(From the IBC Mailbag - below is an email exchange from an existing client with policies on every member of the family. I've consolidated my answers into a more readable format.)
Hi John, we have reached the seventh year of funding our original policies. Now I would like to explore the various ways to use the policies as we go forward. I have been re-reading R. Nelson Nash's book "Becoming Your Own Banker". Many of his examples feature much longer time frames than we are currently at, and we have no current cash needs.
The main options I see are:
Use dividends to pay premiums (although I have said we do not want to do this, I want to understand the math)
This is called an offset of premium. First the dividends would be used to offset the premium. If dividends do not completely cover the premium, then you could cover the difference or the death benefit could also be reduced to cover the shortfall.
Borrow cash for expenses we would normally finance, such as cars etc.
My rule of thumb: Always shop for the money first. If you can obtain lower financing and the monthly payments fit in your cashflow, choose the lower traditional financing and keep cash value in the policy available for investment purposes. Always shop for the money first.
Borrow cash for investment purposes, like the equipment leasing example.
This is the best use for cash values (assuming a person doesn’t have any high interest debt). IBC Whole Life policies are what I call money multipliers because they allow the safest form leverage a person can get anywhere. Policy owners can’t be turned down for a loan or have their cash reserves frozen, repayments are unscheduled. Safe leverage allows for money to work in two places instead of one hence money multiplier.
Borrow cash to pay off our mortgage.
This is my least favorite option because mortgages at today’s rates are ridiculously cheap and locked for up to 30 years. The dollar is purposely designed to devalue over time so if there is one benefit to inflation, this is it. That said, everybody’s situation is different and if paying off the remainder of mortgage frees up additional cash flow to use in retirement, then that makes sense. I’m just in favorite of it if the mortgage is relatively newer and there is strong cash flow and a very healthy balance sheet of assets.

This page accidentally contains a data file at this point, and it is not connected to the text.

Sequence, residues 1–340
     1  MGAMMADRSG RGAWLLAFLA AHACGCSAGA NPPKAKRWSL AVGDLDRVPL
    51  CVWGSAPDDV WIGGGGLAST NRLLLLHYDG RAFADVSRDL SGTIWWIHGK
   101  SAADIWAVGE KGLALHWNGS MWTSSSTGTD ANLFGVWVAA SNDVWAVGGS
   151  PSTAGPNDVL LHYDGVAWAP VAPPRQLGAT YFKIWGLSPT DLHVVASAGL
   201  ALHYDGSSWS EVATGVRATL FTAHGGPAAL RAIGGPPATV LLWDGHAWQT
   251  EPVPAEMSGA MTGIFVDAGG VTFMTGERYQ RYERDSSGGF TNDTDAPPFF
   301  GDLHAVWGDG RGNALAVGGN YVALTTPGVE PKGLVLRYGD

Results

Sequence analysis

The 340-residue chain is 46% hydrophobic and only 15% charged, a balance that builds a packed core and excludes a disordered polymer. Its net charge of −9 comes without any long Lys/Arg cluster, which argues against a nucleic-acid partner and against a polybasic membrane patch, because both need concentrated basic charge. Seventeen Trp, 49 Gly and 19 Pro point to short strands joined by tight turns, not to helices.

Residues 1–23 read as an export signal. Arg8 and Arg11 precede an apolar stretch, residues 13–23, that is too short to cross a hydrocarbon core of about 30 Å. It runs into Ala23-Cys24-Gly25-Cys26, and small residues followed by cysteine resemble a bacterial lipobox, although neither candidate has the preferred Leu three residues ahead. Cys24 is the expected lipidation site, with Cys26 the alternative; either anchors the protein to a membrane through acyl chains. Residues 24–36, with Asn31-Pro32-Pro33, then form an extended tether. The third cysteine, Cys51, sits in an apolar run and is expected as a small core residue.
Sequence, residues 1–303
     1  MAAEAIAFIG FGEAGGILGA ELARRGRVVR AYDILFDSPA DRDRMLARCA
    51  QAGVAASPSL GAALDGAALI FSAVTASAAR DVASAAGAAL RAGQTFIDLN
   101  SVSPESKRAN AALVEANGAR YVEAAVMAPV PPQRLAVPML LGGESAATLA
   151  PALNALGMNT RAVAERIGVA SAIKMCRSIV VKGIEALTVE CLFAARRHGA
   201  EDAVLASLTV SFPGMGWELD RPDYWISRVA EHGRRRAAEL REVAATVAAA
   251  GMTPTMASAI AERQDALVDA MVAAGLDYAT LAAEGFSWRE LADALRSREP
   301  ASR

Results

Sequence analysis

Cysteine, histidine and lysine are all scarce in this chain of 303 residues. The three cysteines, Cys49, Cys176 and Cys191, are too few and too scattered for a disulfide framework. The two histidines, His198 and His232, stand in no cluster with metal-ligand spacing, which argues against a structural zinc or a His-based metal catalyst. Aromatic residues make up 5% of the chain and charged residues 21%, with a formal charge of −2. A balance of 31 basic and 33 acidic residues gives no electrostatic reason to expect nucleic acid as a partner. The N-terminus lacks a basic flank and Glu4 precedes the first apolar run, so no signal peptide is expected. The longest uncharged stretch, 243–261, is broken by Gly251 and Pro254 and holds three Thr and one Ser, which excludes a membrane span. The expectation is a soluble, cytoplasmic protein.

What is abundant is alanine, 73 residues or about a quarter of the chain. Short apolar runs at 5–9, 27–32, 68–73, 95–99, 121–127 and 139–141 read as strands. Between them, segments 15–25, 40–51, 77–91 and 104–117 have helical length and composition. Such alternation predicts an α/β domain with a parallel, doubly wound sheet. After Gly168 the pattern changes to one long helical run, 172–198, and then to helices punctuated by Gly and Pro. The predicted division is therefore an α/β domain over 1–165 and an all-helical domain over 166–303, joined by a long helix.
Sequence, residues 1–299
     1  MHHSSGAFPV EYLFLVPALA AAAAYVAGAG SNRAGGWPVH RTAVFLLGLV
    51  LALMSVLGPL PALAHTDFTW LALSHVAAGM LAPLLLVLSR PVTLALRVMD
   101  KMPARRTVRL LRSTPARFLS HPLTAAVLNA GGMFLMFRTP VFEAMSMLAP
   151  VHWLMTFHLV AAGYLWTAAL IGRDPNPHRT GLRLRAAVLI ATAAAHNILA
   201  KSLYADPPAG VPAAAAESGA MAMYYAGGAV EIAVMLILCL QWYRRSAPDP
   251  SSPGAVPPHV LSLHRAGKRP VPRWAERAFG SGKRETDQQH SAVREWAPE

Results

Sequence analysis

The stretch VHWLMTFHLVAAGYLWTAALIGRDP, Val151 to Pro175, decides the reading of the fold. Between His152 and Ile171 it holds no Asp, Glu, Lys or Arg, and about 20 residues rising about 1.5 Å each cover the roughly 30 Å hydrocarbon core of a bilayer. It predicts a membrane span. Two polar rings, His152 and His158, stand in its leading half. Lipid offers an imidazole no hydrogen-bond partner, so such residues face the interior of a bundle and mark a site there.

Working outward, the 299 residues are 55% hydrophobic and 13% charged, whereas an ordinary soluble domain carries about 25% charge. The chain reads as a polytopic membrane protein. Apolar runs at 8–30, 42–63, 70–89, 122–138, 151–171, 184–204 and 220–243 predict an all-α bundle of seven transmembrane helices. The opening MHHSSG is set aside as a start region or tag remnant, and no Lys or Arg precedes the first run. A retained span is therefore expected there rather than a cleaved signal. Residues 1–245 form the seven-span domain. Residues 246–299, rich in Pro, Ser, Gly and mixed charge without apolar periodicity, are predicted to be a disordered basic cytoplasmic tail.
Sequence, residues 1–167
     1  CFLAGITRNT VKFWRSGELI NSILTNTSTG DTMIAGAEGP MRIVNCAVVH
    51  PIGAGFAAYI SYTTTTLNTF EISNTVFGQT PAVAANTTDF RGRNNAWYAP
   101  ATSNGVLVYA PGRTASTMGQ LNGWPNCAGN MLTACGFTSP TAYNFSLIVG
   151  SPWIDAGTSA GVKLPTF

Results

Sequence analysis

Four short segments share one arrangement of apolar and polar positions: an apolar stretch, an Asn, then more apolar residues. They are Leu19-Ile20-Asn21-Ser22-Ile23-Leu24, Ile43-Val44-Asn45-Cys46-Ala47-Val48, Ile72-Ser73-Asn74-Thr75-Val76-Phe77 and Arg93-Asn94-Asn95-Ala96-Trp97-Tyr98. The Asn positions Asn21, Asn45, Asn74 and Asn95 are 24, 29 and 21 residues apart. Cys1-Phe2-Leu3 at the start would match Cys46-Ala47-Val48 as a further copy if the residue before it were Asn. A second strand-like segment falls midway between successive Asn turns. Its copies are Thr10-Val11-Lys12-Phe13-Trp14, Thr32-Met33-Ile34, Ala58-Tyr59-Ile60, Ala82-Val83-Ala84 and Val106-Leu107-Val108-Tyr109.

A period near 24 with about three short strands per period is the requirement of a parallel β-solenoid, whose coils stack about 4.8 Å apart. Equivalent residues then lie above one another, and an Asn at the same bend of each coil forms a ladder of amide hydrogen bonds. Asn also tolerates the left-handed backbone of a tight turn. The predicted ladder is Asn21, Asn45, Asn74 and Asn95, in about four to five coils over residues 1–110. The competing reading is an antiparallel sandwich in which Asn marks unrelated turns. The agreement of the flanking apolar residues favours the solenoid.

Common Income Options With Whole Life.
- Withdraw dividends for income: Nelson used to tell the story of how withdrew dividends from his first whole life policy while he was working and then later regretted it. This is because those dividends when re-invested helped compound both the cash value and the death benefit. In retirement, however, different story. Withdrawing dividends IS an option to consider to supplement income.
- Another option is to withdraw cash values up to your contribution basis in the policy (non-taxable), and then take loans (also non-taxable) to continue supplementing income in retirement.
Other Income Options (especially if you have 401k/IRA retirement accounts)
- Leverage the death benefit of a whole life policy to buy an income producing annuity from a 401k/IRA account. 401k/IRA’s are supposed to provide income via withdrawals in retirement but the problem is risk and longevity. Pull out too much too soon and/or the market has a major correction, there will be little left to withdraw in later years. The right type of annuities can provide up to a 50% increase in income over a 3-4% 401k/IRA withdrawal strategy and the annuity income is also guaranteed for life. The permanent death benefit of the Whole Life policy provides the replacement of any funds put into the annuity from the 401k/IRA.
- Volatility Buffer Strategy: Don’t buy the annuity, keep money in the 401k/IRA invested in the market. When the market loses money, do not withdraw from 401k/IRA retirement accounts. Instead withdraw/policy loan from Whole Life policy. This allows the market based money to recover from the prior year losses without depleting the accounts further during a down year. In this strategy, 401k/IRA (market based assets) will last longer.
Use cash value to backstop self-insuring for collision & comprehensive coverage on our vehicles.
I’ve been doing this for a long time. I only pay for liability insurance because I have the cash values to replace my car if it was totaled. The excess savings increases my cash flow and that positive cash flow feeds more premium.
If you have an interest in learning how Infinite Banking could benefit you and your family, please reach out to me here: www.IBC.guru